It’s no secret Harrisonburg is a haven for the arts, but one competition in the Valley serves to crown the best fake artist in the region.
Lip Sync Battle in the ‘Burg is a fundraiser for the Shenandoah Valley chapter of Any Given Child, a program of the Arts Council of the Valley in partnership with the John F. Kennedy Center. Closing out its fifth year, the final show is Wednesday at Court Square Theater.
J.R. Snow, coordinator of Harrisonburg City Public Schools fine arts department, applied to bring Any Given Child to Harrisonburg five years ago. As program manager, he has worked to extend the equity and access of arts in schools throughout the Valley by joining the Arts Council to fund arts education programs for students in preschool through eighth grade.
“Our main focus is providing live art experiences, and what that looks like is either taking students to art events or bringing art into schools. Our programs are outside of the curriculum. It allows students to find their identities as artists,” Snow said.
Marc Lonnett, a faculty member at Bridgewater College, is a finalist in this year’s competition, who decided to compete after performing backup for his wife’s lip-sync career last year. Lonnett is no stranger to being center stage, with a background in theater and as a former mascot, but he said the pseudo-sing-off is only half the fun.
“You can have a medium like a lip-sync battle that will spark people’s interest, but knowing what it’s raising money for is just that cherry on top,” Lonnett said.
To celebrate both the organization and competition’s wood anniversary, alumni from previous lip-sync years will join the stage to perform together after intermission.
In previous years, the final show has sold out, but this year Court Square Theater sold out of both preliminary shows, and tickets for Wednesday’s event were sold out in under three hours. Fans can still cheer for their favorite performers with a livestream sponsored by Appeal Production at Habana Cafe from 7 to 9 p.m. for $15. Tickets are available online or at the door.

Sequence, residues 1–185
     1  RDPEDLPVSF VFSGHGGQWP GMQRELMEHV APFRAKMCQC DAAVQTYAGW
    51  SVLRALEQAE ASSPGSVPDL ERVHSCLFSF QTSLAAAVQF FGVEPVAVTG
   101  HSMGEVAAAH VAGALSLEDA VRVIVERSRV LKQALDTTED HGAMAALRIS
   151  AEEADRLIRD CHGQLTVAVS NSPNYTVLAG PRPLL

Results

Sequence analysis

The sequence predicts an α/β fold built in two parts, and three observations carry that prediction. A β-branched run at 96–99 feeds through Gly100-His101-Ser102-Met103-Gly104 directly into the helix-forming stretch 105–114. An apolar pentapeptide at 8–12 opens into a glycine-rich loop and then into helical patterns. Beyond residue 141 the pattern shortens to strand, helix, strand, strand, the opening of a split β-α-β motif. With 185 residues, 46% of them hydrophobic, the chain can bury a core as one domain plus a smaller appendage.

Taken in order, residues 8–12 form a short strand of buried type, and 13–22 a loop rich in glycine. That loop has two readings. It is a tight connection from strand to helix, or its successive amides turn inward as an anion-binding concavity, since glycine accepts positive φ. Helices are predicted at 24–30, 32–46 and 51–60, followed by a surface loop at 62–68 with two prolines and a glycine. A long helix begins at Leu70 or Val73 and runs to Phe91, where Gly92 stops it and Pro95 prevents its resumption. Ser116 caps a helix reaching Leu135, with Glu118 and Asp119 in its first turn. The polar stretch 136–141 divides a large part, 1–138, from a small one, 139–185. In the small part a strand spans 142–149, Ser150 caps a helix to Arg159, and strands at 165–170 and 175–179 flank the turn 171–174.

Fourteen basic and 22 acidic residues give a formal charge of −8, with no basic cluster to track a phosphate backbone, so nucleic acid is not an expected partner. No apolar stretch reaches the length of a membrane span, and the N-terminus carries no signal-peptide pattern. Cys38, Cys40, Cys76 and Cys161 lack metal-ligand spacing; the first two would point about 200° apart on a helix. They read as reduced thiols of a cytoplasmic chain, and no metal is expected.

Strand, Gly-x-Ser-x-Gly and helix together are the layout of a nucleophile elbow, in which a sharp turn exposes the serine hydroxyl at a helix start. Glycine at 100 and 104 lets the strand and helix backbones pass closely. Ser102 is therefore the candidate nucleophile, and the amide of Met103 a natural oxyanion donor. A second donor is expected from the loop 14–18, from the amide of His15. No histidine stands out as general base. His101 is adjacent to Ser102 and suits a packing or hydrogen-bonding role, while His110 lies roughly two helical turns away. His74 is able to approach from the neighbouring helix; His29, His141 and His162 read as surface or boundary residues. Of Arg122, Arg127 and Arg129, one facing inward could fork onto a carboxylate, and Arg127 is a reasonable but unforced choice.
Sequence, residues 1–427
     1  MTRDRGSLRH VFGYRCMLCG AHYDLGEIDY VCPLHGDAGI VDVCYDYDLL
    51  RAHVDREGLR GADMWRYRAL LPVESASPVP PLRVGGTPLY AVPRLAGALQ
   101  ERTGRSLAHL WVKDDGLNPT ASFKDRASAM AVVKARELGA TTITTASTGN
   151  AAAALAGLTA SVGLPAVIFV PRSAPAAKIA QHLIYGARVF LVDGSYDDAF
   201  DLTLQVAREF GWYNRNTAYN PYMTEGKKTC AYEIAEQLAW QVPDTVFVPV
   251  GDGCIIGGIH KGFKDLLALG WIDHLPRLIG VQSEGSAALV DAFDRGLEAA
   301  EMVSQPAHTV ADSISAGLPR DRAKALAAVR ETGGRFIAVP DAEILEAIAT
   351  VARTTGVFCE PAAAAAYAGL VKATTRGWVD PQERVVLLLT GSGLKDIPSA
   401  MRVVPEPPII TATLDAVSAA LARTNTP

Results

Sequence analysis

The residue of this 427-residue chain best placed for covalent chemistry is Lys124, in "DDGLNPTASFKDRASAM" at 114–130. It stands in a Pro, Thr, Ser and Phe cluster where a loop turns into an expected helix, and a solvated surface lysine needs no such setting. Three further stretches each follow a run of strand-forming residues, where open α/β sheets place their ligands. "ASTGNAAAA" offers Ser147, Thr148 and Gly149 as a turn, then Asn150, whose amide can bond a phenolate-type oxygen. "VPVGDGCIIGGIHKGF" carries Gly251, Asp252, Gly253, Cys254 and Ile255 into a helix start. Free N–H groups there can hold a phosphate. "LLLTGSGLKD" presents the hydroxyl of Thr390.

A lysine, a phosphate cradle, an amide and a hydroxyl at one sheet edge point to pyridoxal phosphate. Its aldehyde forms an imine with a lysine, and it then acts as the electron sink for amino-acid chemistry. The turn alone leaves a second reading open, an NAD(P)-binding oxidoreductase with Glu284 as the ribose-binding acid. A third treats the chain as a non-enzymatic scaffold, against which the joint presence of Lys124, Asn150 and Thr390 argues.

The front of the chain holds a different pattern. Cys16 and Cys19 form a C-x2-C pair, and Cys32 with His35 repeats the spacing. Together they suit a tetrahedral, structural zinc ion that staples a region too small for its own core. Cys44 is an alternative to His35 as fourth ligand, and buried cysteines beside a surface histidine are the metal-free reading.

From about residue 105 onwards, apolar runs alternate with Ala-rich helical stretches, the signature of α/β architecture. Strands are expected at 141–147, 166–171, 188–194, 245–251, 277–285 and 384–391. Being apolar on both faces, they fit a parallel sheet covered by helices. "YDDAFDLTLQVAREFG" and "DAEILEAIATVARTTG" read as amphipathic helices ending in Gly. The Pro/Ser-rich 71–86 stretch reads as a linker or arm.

Breaking records on records for the benefit event, over 25,000 votes were cast during the last lip-sync performance, according to Snow.
Susan Morrell Comfort is the assistant director for HCPS’s one-act theater competition and has over 20 years of theater experience. She said she does not often dance unless it is to embarrass her children, but she performed “Mr. Mom” and a medley of songs that use the word “shake” in the second preliminary night on Nov. 6.
Comfort said she was terrified to climb on stage and showcase a talent she had never practiced, much less honed, but she enjoyed trying something new with the knowledge that her efforts are benefiting the region’s schools.
“I like doing things outside of my comfort zone, and I like performing, so I just got up there — no experience, no idea what I was getting into. It is so much fun; it is so entertaining. It’s silly, it’s ridiculous, it’s amazing,” Comfort said. “We raised a lot of money for a good cause and had a lot of fun with the people in it.”
While judges give commentary and feedback to the fake singers, points are actually granted by votes from the general public. Anyone can cast 15 votes for $5, and on the night of the event, voting prices are reduced to $1 and are free after the show begins.
By Thanksgiving, Team Maureen was leading with 3,165 votes followed by Team Amanda with 1,360 and Team Brad with 830, but due to the style of voting, there is no guarantee who will win until the end of Wednesday’s performances.
Any Given Child’s website said the event has raised over $50,000 for arts education since 2014, and Snow said he hopes the fun and excitement will bring in more for the fundraiser.
“People like to be silly, and we don’t allow that inner child to come out,” Snow said. “There’s an artist in all of us that was maybe prevalent when we were younger. Now you can participate or watch. It’s hilarity and creativity.”